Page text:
A funnel-web spider that was dropped off at the Australian Reptile Park earlier this year has been nicknamed after movie star Dwayne "The Rock" Johnson because of its massive size.
In January, the park asked members of the public to try to catch the spiders and bring them to safety, news.com.au reports. The spiders are caught for their venom, which is milked and turned into antivenom to save people's lives, the outlet added.
Park director Liz Gabriel said that having the male spider version of Dwayne "The Rock" Johnson was incredible because of the volume of venom it would produce.
“He is unusually large and more spiders like him will only result in more lives being saved due to the huge amount of venom they can produce,” she said, according to the Australian news outlet.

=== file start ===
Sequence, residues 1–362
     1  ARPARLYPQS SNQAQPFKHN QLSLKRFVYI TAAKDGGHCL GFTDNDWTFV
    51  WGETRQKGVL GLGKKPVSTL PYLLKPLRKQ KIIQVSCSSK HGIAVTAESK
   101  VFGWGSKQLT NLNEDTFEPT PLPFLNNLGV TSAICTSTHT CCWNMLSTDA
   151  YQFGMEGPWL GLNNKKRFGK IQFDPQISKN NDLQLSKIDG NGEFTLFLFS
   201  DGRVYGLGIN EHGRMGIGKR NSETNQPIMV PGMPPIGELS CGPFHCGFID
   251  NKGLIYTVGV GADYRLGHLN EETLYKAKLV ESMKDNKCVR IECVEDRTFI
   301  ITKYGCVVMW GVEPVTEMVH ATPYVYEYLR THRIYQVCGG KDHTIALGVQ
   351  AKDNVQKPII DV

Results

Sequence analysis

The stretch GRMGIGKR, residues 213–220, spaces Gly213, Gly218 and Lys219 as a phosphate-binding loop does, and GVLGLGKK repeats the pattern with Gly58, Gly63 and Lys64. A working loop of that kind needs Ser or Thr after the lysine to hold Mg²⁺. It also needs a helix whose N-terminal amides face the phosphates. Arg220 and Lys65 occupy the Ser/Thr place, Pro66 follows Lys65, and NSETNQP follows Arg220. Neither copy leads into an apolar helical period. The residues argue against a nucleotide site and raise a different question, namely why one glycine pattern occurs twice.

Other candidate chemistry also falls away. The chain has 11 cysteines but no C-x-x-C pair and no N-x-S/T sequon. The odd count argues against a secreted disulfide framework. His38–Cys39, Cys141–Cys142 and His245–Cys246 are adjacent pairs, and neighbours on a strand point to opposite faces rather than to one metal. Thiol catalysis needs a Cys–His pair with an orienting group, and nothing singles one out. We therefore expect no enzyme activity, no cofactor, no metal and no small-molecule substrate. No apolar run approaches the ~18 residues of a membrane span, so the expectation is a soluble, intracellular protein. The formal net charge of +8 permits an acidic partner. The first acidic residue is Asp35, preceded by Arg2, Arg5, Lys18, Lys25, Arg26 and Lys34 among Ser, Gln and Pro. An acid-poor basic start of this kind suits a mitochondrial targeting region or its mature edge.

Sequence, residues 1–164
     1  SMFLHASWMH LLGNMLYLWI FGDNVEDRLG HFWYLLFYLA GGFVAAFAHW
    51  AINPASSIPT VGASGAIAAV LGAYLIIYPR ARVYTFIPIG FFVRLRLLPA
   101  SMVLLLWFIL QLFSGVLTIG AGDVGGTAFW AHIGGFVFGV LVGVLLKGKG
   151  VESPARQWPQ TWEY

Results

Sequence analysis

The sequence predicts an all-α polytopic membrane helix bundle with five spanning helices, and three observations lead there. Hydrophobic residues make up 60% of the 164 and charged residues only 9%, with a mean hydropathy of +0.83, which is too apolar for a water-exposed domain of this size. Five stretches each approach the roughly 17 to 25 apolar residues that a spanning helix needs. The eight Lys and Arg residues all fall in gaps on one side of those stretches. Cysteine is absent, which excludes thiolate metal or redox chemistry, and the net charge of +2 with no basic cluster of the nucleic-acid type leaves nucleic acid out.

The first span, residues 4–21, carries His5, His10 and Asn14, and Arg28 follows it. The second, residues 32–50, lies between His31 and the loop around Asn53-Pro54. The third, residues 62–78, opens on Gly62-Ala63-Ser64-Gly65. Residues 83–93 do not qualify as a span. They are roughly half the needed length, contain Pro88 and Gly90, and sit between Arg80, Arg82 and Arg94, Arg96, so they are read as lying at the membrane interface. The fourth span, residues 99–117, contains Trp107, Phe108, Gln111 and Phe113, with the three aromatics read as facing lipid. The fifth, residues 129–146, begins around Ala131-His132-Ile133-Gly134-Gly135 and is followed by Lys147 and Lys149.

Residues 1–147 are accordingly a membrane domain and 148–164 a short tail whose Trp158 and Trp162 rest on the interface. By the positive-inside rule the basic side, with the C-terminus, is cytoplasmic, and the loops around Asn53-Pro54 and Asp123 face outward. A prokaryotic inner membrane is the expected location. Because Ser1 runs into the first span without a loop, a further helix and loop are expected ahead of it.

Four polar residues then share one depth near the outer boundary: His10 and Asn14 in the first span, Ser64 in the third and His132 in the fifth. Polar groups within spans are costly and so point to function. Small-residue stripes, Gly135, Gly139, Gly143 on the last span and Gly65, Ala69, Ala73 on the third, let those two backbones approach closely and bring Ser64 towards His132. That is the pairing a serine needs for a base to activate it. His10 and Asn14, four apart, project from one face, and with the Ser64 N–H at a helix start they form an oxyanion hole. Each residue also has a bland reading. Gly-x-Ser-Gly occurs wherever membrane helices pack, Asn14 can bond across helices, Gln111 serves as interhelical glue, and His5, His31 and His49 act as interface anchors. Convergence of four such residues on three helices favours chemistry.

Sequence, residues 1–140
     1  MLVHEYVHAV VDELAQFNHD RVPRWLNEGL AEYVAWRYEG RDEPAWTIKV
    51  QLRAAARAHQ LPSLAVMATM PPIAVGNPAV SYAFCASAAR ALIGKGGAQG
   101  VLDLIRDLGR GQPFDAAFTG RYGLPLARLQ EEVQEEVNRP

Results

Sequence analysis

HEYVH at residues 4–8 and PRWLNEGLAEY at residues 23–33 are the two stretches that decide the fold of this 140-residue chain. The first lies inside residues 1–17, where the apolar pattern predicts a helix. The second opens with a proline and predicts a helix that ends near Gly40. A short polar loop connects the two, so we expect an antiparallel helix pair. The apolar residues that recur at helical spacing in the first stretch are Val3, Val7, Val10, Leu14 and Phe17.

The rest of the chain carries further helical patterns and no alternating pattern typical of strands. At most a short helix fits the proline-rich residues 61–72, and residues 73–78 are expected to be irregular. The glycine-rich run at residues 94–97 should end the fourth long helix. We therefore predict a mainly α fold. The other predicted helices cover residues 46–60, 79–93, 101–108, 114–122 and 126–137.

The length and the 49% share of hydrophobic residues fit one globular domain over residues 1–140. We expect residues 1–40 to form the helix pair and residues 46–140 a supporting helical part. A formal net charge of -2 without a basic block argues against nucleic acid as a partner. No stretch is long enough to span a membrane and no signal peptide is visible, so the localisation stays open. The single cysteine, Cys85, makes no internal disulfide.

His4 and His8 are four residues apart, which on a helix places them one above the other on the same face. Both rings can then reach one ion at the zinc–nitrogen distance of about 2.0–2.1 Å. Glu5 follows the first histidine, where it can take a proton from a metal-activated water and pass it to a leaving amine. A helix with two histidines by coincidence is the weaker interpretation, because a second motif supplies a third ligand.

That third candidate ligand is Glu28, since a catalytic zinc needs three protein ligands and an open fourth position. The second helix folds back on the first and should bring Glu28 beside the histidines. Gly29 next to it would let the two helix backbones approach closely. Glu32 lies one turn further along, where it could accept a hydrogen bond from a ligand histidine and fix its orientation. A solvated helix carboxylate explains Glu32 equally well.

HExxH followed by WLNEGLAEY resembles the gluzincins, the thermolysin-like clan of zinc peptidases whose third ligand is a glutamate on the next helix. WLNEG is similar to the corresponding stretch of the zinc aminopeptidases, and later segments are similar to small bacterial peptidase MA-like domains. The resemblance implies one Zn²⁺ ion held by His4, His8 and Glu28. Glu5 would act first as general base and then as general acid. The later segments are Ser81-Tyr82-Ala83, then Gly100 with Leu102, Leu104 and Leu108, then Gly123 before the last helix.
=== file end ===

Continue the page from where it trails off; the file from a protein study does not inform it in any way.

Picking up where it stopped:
“People can bring any collected spiders to the Reptile Park itself," Gabriel added. "However, if they can’t get to us, we have dropoff zones around Sydney, the Central Coast and Newcastle and all facilities are provided with a spider safety kit to house the spiders until the Australian Reptile Park staff can come and pick them up each week.”
The park is the only facility in Australia that is able to milk the spiders. "Dwayne" was obtained after it was dropped off at John Hunter Hospital in Newcastle, one of the park's drop-off locations for the program.
According to the park's website, funnel-web spiders tend to reside in sheltered, shady spots that are cool and humid. It's possible the spider was driven from its home because of the recent rainy weather that has been followed by intense heat.
The spiders, which can reach upwards of 35 millimeters in length, have a diet that "consists mostly of insects, although items as large as frogs and lizards may also be taken," the park added.